Here at the Sleeping Village, we keep our most revered albums in....a very special place. Their time may have gone, but they are certainly not forgotten. Today's pick: another one of The Voiceless Apparition's all-time favorites. Read on!
Written by: The Voiceless Apparition
Part III of my retrospective review series! Today's review is brought to you by the highly underrated Italian black metal band Opera IX and their second studio album entitled Sacro Culto, released on April 18th, 1998, on Shiver Records. This album marked an evolution in the band's sound compared to their first album, bringing in more elements of doom metal, gothic metal, classical, and small hints of folk, while still retaining their black metal roots. Does this extension of the bands sound work in their favor? Let's dive in.
Right off the bat, opening track "The Oak" swings out the gate and beats you over the head with a barrage of brutal and heavy riffs, but there's also a strong emphasis on the keyboards being a major part of the band, as they are implemented throughout Sacro Culto as a whole. This song is pretty pummeling the whole way through and serves as a teaser to what's to come, but without showing too much. Followup "Fronds of the Ancient Walnut" is a beast of a track. While still being brutal, there is a lot more atmospheric compared to the previous song. The stars of this song are the riffs, and the keyboards/piano. They really complement each other so well, the guitar riffs/tone are so heavy and the keys are so pretty and spacious and gothic--all told, it really mixes well together. This is a definite highlight on the album.
"The Naked and the Dance" is the shortest song on the album, at 8 minutes and 20 seconds, but doesn't pack any less of a punch. The first half of this song is a ritual folk song complete with chants, acoustic guitars, etc, I love how descriptive the lyrics are on this album. The first line in the song says so much with so little: "The fresh humidity of the green moss wets my skin/my body laying down, as it suits to who adores a god". Musically this song is great too. The riffs in this song are a little bit more melodic and catchy but fear not, it's still a crushing song. "Cimmeries" is a much more grand and epic song as there is prevalent use of choir vocals, and it's a lot more big and dynamic in comparison. This song isn't particularly fast but it's also not really slow, it hits a nice balance. There's a particular riff towards the 7 minute mark that I need to point out because it is devastatingly heavy, it rips my head off every time I hear it.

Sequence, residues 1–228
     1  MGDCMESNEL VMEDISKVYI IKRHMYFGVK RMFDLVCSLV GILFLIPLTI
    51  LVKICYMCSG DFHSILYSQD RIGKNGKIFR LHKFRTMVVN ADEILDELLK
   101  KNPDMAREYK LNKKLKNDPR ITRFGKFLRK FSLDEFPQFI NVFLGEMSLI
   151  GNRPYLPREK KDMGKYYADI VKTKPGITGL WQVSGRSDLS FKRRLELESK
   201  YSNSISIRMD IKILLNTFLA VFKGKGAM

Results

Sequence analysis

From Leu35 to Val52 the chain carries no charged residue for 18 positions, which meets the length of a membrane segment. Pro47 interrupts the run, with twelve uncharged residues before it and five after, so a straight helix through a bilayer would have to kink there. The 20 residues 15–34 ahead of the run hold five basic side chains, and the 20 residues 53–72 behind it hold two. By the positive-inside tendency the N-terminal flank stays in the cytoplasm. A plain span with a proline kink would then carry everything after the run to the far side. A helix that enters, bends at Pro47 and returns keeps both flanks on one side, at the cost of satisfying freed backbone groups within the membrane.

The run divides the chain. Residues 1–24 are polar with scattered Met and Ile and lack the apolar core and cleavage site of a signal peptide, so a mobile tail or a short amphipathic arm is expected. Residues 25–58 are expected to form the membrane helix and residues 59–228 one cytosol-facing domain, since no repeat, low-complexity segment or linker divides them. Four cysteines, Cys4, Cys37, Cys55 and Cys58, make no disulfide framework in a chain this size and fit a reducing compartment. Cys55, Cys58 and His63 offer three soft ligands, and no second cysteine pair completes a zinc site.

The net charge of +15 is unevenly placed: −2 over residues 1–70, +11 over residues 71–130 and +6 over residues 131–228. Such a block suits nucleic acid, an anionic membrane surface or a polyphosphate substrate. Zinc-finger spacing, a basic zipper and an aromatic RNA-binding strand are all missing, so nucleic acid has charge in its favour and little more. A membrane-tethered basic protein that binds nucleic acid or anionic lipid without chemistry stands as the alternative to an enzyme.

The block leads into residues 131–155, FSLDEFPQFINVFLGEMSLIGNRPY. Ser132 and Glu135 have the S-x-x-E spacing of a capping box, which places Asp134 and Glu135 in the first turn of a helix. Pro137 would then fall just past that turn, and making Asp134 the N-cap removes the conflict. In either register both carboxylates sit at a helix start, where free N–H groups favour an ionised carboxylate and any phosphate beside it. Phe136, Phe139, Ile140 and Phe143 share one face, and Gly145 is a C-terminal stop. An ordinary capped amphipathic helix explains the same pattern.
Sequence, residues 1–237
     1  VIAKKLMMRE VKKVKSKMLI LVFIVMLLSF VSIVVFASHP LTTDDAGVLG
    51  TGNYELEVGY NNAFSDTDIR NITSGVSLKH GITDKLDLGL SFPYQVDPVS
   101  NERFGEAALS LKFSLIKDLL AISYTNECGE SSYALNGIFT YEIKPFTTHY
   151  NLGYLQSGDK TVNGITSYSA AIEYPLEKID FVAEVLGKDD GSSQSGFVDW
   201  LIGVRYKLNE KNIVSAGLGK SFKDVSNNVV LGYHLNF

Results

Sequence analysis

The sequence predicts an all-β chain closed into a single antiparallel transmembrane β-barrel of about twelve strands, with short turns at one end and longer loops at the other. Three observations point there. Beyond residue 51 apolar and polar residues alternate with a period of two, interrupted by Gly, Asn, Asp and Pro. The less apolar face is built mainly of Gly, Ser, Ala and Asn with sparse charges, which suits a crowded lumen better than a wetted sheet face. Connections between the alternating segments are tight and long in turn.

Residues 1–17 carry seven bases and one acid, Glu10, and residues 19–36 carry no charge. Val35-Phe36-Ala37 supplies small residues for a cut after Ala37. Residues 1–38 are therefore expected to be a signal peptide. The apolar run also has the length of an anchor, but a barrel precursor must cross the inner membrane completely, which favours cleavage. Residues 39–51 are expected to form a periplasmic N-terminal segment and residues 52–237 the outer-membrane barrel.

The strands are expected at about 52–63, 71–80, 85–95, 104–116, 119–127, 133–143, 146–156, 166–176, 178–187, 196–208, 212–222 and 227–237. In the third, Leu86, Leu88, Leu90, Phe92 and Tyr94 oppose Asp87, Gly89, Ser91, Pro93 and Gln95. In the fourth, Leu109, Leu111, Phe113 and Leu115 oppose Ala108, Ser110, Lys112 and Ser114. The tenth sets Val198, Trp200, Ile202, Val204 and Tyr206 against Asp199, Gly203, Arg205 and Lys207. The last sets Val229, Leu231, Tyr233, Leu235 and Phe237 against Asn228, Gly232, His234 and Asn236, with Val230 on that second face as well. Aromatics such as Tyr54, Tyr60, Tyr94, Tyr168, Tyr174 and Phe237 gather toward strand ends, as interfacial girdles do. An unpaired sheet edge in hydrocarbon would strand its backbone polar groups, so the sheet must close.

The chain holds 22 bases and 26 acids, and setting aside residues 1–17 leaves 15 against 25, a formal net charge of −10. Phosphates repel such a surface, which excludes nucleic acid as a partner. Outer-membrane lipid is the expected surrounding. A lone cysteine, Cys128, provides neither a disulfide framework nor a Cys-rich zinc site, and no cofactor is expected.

"My Devotion" begins on an extremely atmospheric note when we are greeted by bells/windchimes, gorgeous acoustic guitar, and soothing keys. I'd say this is probably the most doomed-out song on the album, as the riffs are quite slow and sludgy, but with occasional bursts of fast sections. The vocals of Cadaveria stand out on this song, as her clean vocals are dramatic, and her growls are vicious. This song is an absolute mammoth, clocking in at 14 minutes and 59 seconds. It stands as a crowning achievement in Opera IX's catalogue. "Under the Sign of the Red Dragon" is the closing track and begins with a really nice bass lick before bursting into an atmospheric doom riff with beautiful keys accompanying it. This song has such a nice groove, it's paced so well that you just can't help but headbang to it. All-in-all: a really strong ending to this album.
With Sacro Culto, Opera IX set themselves apart from most other black metal bands. This album is proof that you can still take risks and evolve, but while keeping your roots intact and that's the problem some bands have. Some bands either take too big or too little of risks, and in turn end up either alienating their fan-base or only pleasing certain people. Highly recommended!
Opera IX - Sacro Culto was released in 1998 via Shiver Records
Opera IX can be found:
We provide thoughtful reviews of music that is heavy, gloomy...and loud enough to wake us from slumber. Written by a highfalutin peasantry.
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